It seems that by all definitions angels are not the spirits of the dead in their new-found heavenly forms, as many popular cultural stories would have you believe, but are in fact eternal spirits, and messengers to humanity from God.

In some new-age spiritual practices, the word “angels” describes a spiritual guide, a fairy-godmother if you will, that helps people through tough times with guidance and encouragement. These “angels” too, are never seen, and can only be “felt” to be around.

It is interesting, then, that these beings are invisible (sometimes showing themselves in human form), they only show themselves to singular people, or small groups, or in dreams. Angels are routinely mentioned in the bible, as messengers and heralds of God, but this makes them no more real than Cthulhu in the Lovecraft books.

But if angels are invisible, how do I know they don’t exist?

Well, I don’t, but I am not claiming angels don’t exist. I am claiming that since angels have never been proven to exist, and given their properties as intelligent beings with no physical form, have never been seen (outside of the human head), never been touched, tasted or measured, I can conclude that angels are the product of the mind, and therefore have little chances of existing in the physical world. One has to show evidence of the existence of such a being, or at least evidence that goes some way into proving that angels exist, before we can start asking questions about the physical nature of such a being.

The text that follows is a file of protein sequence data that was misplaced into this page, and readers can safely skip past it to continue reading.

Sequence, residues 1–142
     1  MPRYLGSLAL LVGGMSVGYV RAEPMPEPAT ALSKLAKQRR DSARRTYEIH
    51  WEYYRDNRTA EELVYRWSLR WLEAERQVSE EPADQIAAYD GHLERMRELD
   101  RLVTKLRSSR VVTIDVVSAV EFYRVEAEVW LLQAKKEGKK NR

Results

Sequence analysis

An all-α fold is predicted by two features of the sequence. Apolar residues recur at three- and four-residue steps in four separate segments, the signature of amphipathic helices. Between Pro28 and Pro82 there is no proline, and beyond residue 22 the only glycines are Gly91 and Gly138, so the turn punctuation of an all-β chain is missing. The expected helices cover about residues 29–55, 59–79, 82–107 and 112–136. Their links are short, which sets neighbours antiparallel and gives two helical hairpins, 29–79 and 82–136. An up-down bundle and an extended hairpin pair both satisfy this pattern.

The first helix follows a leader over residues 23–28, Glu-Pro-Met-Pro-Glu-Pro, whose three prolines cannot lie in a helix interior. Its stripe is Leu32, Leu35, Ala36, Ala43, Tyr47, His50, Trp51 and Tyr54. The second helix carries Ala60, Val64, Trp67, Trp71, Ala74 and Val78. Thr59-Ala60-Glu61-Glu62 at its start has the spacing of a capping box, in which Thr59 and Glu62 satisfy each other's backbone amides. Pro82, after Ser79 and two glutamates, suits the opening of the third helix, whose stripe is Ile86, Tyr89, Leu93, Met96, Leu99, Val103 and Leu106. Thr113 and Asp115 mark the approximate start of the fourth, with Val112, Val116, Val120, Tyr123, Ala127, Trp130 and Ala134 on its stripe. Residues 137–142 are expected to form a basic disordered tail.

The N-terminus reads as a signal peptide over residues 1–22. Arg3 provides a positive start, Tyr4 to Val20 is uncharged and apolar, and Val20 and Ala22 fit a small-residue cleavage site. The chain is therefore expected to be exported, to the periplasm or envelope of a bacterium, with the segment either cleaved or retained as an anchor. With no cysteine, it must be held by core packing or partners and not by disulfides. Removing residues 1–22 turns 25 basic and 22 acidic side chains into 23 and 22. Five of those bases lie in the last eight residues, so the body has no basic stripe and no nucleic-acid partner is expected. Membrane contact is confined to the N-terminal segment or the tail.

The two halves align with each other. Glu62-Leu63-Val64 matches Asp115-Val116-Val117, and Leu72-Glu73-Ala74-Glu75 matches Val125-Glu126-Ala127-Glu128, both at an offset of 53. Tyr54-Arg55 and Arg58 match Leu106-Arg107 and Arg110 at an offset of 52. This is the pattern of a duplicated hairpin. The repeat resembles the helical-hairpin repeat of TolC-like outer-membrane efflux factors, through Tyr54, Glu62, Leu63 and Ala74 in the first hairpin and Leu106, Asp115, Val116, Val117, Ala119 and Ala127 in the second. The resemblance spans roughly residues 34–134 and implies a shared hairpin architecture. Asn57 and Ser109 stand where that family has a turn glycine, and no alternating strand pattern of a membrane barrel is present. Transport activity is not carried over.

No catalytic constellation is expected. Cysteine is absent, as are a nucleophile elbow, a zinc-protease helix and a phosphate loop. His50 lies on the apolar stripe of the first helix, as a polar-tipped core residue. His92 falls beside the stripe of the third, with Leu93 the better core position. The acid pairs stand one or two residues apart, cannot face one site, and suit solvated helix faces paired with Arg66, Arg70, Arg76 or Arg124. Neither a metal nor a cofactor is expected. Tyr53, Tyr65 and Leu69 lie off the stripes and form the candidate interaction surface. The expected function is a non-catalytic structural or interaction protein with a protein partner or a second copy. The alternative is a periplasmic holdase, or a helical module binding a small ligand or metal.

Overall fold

But what about all the people who have claimed to see angels?

I can’t pretend to know what others claim to have seen, nor can I account for any altered states of mind they may have found themselves in when claiming to have seen angels, but as I said above, there is no proof, not one iota of proof, that angels exist.

A larger problem with the idea of angels is the human-centric nature of angels. Given the vastness of the universe, and the according to the Drake Equation, which is a rough estimate of the likelihood of there being other life in the universe other than that on earth, it is highly likely that life does in fact exist elsewhere. The likelihood of it being intelligent is lower again, and the likelihood of that life being vaguely anthropomorphic is even lower still. But the likelihood still stands at a very high number indeed. It is likely that there is another intelligent life-form elsewhere in the cosmos. Yet angels only talk to humans, for which the entire universe was created. I think alien intelligence would be right to be insulted by such a notion.